Father Frank Ruminates In The Rectory Garden Of St. Agnes’ Church, Benedicta, Maine



I smile, sometimes, thinking of how I liked the old Byrds tunes

Back in my seminary days, for I have come to know

(As much as anything through these hostas and damned dandelions)

That there is very much a season for all things, for our run in this plane

Is strictly proscribed, and having the end date somewhat fixed

A blessing from God, in fact, for it makes one focus on those things

That are truly meaningful, to appreciate when

There is the need to make fine gradations

(For if you plant the peas and parsley just a day—indeed, mere hours—

Too early, an unexpectedly still and cold night can steal all of your labors,

Leaving you with tiny, lifeless shoots slumped over the lip of a clay pot)

And when not to waste sound and fury over the most trifling of things;

For, when the final ascertainment is made, it will not be as an audit,

(With Saint Peter himself staring over his glasses as he punches the calculator,

Clucking as he reviews the number of bottoms in the pews,

The weight of the collection plate, the state of the cement or flagstone

Leading to the stairs of the cathedral), but a too-long movie,

With the most  seemingly most insignificant of scenes

Screened several times (if it please God) for your viewing pleasure.




For I have sinned, yes, most exceedingly, dear Saints and My Lord,

In lack of thought and foresight, in the expedient holding

Of my tongue, in the unthinking failure to act.

Mea culpa

Mea culpa

Mea maxima culpa.

Blessed Virgin, I cannot, in the self-serving pride

Of my guilt, ask you to pray for my soul,

But I would pray that, perhaps, I will have had the briefest of moments

Where I was not totally unworthy.





I was, at one time, (it seems a different lifetime to me now)

Part of the Bishop’s diocesan staff in Boston,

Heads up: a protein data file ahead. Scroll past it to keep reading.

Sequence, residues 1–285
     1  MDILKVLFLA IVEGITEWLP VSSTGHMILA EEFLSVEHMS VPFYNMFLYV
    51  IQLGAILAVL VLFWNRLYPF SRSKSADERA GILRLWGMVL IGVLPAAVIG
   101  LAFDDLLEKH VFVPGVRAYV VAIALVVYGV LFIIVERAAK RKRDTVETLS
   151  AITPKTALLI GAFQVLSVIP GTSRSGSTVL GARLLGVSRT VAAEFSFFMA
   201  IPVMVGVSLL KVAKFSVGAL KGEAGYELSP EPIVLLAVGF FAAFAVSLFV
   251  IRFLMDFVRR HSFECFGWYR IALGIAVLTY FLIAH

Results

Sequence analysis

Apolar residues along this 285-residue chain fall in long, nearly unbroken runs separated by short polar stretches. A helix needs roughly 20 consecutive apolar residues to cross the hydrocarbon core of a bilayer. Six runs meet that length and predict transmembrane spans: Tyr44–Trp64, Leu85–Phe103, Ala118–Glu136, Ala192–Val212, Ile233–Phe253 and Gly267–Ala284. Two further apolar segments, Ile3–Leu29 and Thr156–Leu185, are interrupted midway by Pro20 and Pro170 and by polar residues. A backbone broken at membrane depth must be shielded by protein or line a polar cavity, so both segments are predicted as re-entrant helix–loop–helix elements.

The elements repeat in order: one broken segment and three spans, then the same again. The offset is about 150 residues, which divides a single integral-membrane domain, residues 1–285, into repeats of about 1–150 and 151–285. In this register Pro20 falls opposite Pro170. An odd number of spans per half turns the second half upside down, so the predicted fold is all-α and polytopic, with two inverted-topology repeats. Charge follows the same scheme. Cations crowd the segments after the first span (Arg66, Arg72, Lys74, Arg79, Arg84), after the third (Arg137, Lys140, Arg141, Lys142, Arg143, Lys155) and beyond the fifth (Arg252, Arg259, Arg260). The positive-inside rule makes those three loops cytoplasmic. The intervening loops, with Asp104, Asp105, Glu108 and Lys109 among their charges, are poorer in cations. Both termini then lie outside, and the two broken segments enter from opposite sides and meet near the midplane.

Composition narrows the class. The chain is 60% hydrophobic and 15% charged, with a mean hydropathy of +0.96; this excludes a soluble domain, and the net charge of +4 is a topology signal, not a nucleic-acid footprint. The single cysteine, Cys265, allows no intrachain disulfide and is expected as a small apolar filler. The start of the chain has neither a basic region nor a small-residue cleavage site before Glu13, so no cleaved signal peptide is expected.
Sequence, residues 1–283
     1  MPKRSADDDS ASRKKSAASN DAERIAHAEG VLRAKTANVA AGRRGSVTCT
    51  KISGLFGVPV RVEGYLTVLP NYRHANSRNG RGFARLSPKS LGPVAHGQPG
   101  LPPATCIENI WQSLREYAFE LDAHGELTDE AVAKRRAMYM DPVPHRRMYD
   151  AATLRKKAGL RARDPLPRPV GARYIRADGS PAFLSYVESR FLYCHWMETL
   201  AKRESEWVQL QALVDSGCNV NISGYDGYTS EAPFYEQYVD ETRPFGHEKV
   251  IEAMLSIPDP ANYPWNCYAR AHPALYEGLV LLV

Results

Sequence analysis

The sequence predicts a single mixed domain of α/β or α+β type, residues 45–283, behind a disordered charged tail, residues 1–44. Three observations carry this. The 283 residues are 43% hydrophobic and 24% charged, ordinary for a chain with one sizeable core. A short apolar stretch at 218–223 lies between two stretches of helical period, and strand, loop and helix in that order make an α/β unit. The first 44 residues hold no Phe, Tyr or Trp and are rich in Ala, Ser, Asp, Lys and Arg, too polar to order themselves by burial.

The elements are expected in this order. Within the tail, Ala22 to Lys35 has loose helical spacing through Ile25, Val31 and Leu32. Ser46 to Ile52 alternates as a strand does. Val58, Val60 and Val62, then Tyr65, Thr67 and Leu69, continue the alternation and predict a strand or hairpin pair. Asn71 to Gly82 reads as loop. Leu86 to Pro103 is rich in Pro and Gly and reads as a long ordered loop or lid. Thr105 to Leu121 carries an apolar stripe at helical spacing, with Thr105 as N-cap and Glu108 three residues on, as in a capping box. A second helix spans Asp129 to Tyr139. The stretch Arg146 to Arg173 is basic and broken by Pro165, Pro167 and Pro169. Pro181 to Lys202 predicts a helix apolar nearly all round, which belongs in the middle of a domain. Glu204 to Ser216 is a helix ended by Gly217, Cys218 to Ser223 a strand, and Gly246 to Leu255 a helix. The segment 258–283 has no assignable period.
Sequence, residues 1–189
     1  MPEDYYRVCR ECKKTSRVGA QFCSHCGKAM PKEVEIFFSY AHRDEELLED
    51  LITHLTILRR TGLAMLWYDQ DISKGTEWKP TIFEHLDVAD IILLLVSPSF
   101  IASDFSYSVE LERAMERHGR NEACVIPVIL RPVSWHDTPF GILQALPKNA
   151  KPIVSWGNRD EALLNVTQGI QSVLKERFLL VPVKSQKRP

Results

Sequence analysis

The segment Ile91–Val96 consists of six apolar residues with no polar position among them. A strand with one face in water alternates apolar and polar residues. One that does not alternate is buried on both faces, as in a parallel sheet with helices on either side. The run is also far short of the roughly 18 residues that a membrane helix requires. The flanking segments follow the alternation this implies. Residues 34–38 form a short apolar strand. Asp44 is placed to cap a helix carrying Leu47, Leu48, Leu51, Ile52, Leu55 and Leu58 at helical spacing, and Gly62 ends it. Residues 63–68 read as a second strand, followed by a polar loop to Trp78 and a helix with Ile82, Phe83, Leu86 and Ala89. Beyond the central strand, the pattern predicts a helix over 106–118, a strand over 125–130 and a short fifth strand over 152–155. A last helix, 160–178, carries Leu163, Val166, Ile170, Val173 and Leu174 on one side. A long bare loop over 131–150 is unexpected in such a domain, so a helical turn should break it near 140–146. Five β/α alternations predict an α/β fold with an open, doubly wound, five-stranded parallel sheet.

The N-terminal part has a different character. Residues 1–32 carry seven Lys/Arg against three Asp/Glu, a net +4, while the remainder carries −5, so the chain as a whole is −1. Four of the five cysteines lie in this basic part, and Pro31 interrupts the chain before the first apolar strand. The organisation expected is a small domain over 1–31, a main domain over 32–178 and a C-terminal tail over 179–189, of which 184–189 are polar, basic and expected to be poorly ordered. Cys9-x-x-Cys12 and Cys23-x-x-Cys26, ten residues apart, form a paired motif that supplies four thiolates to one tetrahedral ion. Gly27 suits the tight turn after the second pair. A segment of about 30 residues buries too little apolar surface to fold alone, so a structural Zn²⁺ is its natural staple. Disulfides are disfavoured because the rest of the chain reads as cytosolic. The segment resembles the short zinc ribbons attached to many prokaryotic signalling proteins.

Great city of pristine churches (surrounded by blooms

Of all the colors He could bring) and shanty Irish

As rough as the day the boat landed; one size Fitz all,

The joke was back in those days.  I was not, certainly,

One of the rising stars in the hierarchy—not a “man to watch”

By any means—no, my function was much more prosaic.

My nickname, at the time, was “The Bishop’s Travel Agent”,

For my function was to find a place for those priests

Who had become (in the vernacular) “troublesome”.

Father Abbatachio had become somewhat too involved

With his younger female parishioners?  Well, then,

Off to some small Adirondack village, and good luck to finding

Any women under fifty and with a full set of upper teeth.

Father Koufos insists on saying the mass in Latin?

Surely, there’s a Jesuit university where he can end his days

Nattering over verb tenses and inflections. 

Father DiVincenzo a bit conservative and aggressive

For the more secular (and upscale) congregations?

To the south side of Pittsburgh, then; the Hunkies will love him!

Father Cavanaugh has evidenced a bit of

An altar boy problem?  Well, there’s a convent in

In the Berkshires which has an opening we can slide him into.

Well, we were (so I told myself) being judicious,

And all in the best interests of the Church,

For (ah, what a man can make himself believe) it was

Always greater than the sum of its parts.

Well, one time we were wrong, horribly wrong;

There was a suicide, whispers, letters that should have been burned.

Many of my colleagues complained, bitterly, that I had been made

An unworthy scapegoat for the Bishop, but I knew in my soul

That they were, in that assertion, merely halfway correct.




Yet perhaps I will—no, indeed, I must—be saved,

For our Lord is good, and Christ shall have mercy,

And exchange this long walk through foolishness and vanity

With life everlasting, even for those of us

Who have stumbled along clumsily, unthinkingly, unheedingly on Your creation.

Kyrie, eleison;

Christe, eleison;

Kyrie, eleison.





It is good, then; the days have been dry

And unusually warm, the nights cool

Yet without the danger of frost.

The beans and tomatoes should thrive,

And the sunflowers should grow…well,

Like sunflowers, I would surmise.

As for myself, the good days are examples

Of His grace, the bad ones no more than I can bear,

And the doctors (mere men, after all) minister to me

As well as men can.  I have, blessedly, no fear

Concerning the close of my small one-act play

On this patch of earth.  Indeed, I am often cheered

By the fact that I have seen small green shoots rising from the years

Of fallen leaves I have raked up and dumped

Upon the brush lot between the church itself

And the old graveyard at the rear of the property.


4 thoughts on “Father Frank Ruminates In The Rectory Garden Of St. Agnes’ Church, Benedicta, Maine

  1. It is all extraordinary reading but the way you wrapped it up is awe-inspiring in the full meaning of the word. The tone is spot on too. It is an enlightenment to read your work, wkk.

  2. Blessed Virgin, I cannot, in the self-serving pride

    Of my guilt, ask you to pray for my soul,

    I hope Fr. Frank change his mind on that.

    Powerful piece… I really liked the way you wrote the iii stanza.

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